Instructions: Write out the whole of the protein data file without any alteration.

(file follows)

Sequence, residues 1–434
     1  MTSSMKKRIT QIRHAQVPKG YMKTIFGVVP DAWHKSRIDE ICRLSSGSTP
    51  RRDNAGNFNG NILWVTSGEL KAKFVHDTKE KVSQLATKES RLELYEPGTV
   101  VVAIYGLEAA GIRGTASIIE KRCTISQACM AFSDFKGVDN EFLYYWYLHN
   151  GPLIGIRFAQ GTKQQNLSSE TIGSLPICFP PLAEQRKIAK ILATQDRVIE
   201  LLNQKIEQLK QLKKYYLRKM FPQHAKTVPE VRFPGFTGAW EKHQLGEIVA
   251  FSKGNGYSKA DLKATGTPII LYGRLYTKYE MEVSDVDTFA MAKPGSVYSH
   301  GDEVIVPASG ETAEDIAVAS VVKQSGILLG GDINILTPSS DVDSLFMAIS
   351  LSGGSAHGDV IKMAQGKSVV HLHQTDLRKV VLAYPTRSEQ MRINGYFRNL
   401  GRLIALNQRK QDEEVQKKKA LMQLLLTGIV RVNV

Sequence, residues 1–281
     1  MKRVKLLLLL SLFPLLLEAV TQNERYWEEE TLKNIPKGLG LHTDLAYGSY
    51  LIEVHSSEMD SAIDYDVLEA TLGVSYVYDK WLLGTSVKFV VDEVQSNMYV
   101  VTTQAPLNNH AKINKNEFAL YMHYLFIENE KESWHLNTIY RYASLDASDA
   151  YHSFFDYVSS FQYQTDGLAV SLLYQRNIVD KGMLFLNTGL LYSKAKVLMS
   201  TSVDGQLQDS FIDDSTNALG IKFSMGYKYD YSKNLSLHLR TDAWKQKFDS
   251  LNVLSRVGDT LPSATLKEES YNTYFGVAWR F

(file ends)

Sequence, residues 1–434
     1  MTSSMKKRIT QIRHAQVPKG YMKTIFGVVP DAWHKSRIDE ICRLSSGSTP
    51  RRDNAGNFNG NILWVTSGEL KAKFVHDTKE KVSQLATKES RLELYEPGTV
   101  VVAIYGLEAA GIRGTASIIE KRCTISQACM AFSDFKGVDN EFLYYWYLHN
   151  GPLIGIRFAQ GTKQQNLSSE TIGSLPICFP PLAEQRKIAK ILATQDRVIE
   201  LLNQKIEQLK QLKKYYLRKM FPQHAKTVPE VRFPGFTGAW EKHQLGEIVA
   251  FSKGNGYSKA DLKATGTPII LYGRLYTKYE MEVSDVDTFA MAKPGSVYSH
   301  GDEVIVPASG ETAEDIAVAS VVKQSGILLG GDINILTPSS DVDSLFMAIS
   351  LSGGSAHGDV IKMAQGKSVV HLHQTDLRKV VLAYPTRSEQ MRINGYFRNL
   401  GRLIALNQRK QDEEVQKKKA LMQLLLTGIV RVNV

Sequence, residues 1–281
     1  MKRVKLLLLL SLFPLLLEAV TQNERYWEEE TLKNIPKGLG LHTDLAYGSY
    51  LIEVHSSEMD SAIDYDVLEA TLGVSYVYDK WLLGTSVKFV VDEVQSNMYV
   101  VTTQAPLNNH AKINKNEFAL YMHYLFIENE KESWHLNTIY RYASLDASDA
   151  YHSFFDYVSS FQYQTDGLAV SLLYQRNIVD KGMLFLNTGL LYSKAKVLMS
   201  TSVDGQLQDS FIDDSTNALG IKFSMGYKYD YSKNLSLHLR TDAWKQKFDS
   251  LNVLSRVGDT LPSATLKEES YNTYFGVAWR F